HTC One M8 Dual Camera

HTC One M8 – Is this the ‘One’?

We’ve been taking a look a Smart Watches recently, so it’s time to delve back into the ocean of smart phones to look at one of the pearls hidden beneath the waves; the HTC One M8 is one of the best smart phones to come out so far this year. Let’s see why.

As always, let’s start with the box. Basic in design, the box manages to pull off a quite sleek vision for the box, harkening back to the older iPhone box designs that seems to scream ‘class’ at you as you take it in. The main image that dominates the majority of the cover is a flipped image of both the front and the back of the HTC One M8 in all its glory, also representing an image of the current operating system, and impression of the aluminium design on the back and the look of all three cameras. The box has other information around the sides, including other features that you’ll be able to find on the factory mode of the device. Overall, the box gives a superb first impression. A trend with the device as a whole, something that begins with the box itself, is that the phone is worth the price tag. At roughly £500 SIM-free, you’re going to be expecting a high quality product, and HTC tries its best to ensure this quality.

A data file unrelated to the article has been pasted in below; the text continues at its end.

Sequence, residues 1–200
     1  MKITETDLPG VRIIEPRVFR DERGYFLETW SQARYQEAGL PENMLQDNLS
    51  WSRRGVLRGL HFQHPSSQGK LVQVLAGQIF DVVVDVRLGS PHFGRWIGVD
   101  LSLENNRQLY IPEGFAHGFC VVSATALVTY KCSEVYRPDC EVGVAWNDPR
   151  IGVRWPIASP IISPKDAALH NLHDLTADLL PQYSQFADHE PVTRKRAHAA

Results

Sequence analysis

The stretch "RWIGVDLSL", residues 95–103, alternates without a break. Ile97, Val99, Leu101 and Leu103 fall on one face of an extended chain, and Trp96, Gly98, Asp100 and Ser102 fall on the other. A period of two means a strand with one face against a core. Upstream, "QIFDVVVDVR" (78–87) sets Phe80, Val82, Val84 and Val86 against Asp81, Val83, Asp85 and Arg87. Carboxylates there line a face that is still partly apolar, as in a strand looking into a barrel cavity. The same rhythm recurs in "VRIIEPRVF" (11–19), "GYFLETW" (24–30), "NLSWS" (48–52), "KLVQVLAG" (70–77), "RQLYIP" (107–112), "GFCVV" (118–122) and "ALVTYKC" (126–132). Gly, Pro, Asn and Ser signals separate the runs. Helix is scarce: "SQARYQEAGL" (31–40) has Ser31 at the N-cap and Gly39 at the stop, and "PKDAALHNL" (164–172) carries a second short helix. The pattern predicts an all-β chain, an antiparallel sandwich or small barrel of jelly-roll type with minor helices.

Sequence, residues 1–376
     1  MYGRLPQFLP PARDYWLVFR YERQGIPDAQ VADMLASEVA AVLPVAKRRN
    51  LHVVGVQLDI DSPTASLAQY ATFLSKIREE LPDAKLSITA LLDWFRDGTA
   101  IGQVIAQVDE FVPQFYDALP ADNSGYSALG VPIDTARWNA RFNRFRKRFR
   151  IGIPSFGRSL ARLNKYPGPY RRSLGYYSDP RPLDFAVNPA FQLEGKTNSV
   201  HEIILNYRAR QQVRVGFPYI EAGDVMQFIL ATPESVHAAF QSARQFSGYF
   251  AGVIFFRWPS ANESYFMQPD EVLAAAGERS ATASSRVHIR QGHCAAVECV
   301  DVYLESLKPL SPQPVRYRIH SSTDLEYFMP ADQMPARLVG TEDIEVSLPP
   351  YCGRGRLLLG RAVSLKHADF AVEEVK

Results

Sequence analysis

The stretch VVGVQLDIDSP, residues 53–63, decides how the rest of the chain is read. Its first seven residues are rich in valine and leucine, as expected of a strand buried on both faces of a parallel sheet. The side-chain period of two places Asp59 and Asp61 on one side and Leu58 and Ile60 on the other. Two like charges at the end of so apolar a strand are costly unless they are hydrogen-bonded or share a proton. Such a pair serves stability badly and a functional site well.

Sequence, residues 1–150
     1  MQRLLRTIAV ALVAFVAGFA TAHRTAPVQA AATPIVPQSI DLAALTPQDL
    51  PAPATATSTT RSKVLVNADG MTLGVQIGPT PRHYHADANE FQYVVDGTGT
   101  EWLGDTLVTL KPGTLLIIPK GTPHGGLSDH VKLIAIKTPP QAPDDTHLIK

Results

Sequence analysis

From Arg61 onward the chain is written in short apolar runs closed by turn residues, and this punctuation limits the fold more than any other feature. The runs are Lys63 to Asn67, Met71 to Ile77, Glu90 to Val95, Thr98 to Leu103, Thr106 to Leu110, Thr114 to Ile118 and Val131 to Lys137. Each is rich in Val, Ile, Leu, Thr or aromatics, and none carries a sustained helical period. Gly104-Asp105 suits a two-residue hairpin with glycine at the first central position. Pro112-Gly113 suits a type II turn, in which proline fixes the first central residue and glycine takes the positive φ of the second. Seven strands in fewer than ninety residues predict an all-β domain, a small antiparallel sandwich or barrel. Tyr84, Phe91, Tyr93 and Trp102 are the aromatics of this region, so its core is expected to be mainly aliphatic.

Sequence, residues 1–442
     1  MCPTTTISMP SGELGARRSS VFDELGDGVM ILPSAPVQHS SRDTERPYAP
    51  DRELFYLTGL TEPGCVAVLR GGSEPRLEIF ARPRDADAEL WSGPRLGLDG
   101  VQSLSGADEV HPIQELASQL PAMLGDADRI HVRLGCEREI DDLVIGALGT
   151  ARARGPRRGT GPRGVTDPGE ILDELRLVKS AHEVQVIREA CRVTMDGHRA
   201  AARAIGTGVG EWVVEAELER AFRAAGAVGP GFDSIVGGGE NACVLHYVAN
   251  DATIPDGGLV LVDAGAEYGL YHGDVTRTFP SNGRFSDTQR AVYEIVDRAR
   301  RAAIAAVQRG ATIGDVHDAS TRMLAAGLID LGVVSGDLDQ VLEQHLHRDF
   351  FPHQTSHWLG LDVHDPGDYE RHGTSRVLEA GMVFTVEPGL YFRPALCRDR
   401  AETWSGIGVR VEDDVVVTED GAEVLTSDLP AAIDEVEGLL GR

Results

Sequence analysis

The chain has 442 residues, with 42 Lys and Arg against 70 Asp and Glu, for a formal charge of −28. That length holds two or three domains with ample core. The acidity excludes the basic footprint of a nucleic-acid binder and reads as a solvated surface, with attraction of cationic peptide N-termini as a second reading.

The HTC One M8 continues to bring some great impressions thanks to the metal casing. One of the problems I’ve found with quite a few of the more recent smart phones is the trend to use plastic to lower the price; Samsung’s S3 is one of the main victims of this trend. The M8 manages to avoid this issue by giving us a case made up of 90% metal, giving it a clean look that feels great in the hand. The slightly curved back of the phone lets it sit nicely in your hand. Buttons along the side and top are present here that can turn the screen on or off, along with adjusting volume; the button design isn’t metal itself, but the overall look definitely fits the aesthetic. Swipe to unlock features are also present on the device, but these can become irritating in some situations, where the phone can be opened whilst walking around in your camera. The speakers sit on both the bottom and top of the front of the phone, an interesting change from the traditional side speakers that are present in the smartphone market. The speakers are subtle, and combat the common problem of muffling sound with fingers, thighs and the like. Unfortunately, the device is quite large, and as such is quite uncomfortable to use with one hand. Although it is possible to use the phone with one hand, it can be difficult to reach the top corners at times, making you have to angle the phone in different ways. It’s much easier to use with two hands, but this can defeat the preference that some people have. Luckily, we get a good impression when you finally turn the screen on, and the vibrant, colourful operating system presents itself.